Democrats can’t pass much in the Republican-majority legislature and let’s hope that continues with Sen Keith Ingram’s renewed effort to cripple the ability to put popularly initiated measures on the ballot. In that many corporate interests share Ingram’s anti-democratic view of the popular initiative, you never know.
It’s early and there will be many proposals for the three constitutional amendments that the legislature may propose. Ingram has a couple of proposals on the sufficiency of initiative petitions, including SJR 4. It would, among others, make stricter requirements on signature thresholds in the various counties, changing from 15 counties with minimums to one-fourth of the counties in each congressional district.
But the real monkey wrench, says David Couch, the Little Rock lawyer who’s made something of a specialty of initiative campaigns, is that both amendments would give the legislature the future power to alter the Constitution when it comes to initiatives and referenda by a two-thirds vote. In short, the legislature would be free to strip the power from the people in ways we can only now dream.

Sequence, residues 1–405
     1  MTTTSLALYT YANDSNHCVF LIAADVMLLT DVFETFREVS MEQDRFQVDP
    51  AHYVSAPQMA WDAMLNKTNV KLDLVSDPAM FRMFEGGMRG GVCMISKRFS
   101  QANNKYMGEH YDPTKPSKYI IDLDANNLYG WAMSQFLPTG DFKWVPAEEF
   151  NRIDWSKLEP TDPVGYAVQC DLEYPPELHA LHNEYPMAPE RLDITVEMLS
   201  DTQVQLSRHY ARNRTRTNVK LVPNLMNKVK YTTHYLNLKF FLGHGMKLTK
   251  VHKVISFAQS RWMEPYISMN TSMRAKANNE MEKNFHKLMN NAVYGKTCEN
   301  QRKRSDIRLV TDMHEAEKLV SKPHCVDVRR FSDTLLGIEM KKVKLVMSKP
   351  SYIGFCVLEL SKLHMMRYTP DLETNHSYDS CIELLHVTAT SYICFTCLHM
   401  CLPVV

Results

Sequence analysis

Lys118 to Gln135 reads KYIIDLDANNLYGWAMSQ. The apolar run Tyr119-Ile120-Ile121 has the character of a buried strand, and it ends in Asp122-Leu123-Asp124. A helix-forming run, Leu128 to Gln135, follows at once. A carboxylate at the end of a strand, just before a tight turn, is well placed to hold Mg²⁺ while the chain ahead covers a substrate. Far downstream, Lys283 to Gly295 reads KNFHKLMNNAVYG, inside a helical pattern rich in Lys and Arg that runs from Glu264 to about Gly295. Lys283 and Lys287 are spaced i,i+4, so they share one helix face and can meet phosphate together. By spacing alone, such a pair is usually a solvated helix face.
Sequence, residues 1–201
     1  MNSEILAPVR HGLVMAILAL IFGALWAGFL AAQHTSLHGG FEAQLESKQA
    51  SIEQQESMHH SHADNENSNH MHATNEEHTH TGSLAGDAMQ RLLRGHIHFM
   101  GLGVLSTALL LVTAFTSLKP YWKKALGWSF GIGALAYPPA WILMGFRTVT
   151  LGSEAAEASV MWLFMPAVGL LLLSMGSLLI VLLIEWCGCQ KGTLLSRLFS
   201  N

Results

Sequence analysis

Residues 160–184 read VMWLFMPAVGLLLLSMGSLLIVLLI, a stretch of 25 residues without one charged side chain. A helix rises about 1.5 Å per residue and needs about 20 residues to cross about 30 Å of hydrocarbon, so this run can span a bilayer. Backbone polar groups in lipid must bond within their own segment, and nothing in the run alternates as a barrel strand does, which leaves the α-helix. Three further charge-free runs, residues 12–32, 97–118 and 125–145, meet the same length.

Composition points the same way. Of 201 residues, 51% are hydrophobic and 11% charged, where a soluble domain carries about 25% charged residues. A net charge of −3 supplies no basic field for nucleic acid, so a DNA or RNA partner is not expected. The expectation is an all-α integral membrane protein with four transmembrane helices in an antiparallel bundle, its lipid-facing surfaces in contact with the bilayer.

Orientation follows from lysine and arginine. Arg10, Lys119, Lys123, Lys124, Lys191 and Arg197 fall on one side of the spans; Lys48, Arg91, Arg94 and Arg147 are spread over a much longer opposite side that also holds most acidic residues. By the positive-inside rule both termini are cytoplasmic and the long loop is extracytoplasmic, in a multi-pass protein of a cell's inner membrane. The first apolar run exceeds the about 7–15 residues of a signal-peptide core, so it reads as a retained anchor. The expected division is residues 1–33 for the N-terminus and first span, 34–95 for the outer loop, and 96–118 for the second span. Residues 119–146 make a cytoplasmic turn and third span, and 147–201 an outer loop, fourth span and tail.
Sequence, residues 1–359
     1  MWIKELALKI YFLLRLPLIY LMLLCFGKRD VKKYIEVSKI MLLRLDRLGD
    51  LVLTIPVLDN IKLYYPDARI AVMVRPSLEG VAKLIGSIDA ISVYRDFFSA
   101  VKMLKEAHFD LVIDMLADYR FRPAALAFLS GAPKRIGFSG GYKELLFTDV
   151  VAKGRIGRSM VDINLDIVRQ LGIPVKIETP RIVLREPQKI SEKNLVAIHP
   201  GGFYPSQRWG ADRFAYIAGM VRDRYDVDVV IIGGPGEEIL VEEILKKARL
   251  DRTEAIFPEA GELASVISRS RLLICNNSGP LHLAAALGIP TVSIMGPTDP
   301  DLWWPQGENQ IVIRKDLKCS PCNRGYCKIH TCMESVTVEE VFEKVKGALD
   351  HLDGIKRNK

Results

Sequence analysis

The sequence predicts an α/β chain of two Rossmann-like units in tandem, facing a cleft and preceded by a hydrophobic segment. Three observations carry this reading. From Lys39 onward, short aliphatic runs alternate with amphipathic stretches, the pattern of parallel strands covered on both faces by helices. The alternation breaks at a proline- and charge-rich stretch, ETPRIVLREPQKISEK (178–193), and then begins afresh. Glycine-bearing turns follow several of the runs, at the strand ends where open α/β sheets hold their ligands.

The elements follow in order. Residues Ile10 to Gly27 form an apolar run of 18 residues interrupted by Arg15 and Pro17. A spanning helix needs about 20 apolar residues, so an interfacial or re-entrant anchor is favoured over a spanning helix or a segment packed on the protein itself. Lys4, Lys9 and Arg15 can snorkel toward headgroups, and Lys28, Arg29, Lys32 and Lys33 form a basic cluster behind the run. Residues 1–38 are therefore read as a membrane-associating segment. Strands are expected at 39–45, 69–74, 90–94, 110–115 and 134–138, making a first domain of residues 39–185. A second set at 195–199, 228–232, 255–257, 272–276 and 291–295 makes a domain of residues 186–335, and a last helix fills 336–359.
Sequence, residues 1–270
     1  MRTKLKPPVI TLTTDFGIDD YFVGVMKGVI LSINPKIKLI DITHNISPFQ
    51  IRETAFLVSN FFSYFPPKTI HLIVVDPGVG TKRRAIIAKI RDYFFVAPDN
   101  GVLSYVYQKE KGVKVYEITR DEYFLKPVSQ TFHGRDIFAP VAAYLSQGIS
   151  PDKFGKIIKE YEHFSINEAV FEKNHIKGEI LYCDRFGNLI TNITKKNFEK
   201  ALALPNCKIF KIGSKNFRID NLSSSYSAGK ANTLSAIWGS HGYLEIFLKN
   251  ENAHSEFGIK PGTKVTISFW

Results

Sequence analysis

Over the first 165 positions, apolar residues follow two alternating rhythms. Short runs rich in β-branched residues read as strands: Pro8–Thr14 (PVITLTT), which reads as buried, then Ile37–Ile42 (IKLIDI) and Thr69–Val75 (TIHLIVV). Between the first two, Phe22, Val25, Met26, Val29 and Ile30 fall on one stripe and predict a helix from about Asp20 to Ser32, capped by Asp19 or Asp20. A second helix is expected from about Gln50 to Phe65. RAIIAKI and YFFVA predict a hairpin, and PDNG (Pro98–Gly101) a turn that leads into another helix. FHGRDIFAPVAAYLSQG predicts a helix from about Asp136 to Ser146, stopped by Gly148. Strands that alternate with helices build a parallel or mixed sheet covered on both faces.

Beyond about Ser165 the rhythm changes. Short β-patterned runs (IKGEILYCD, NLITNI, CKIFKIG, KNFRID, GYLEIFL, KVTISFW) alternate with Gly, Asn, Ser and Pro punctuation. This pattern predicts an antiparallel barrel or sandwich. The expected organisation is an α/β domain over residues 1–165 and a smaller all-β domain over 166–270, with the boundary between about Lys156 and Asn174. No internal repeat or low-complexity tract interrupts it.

Coincidentally: The chair of the Senate committee that reviews constitutional measures said in a letter disclosed yesterday that the legislature didn’t have the power to overrule the people and change the terms of the new casino amendment. Ingram’s proposals would change that dynamic dramatically.
Keep an eye out.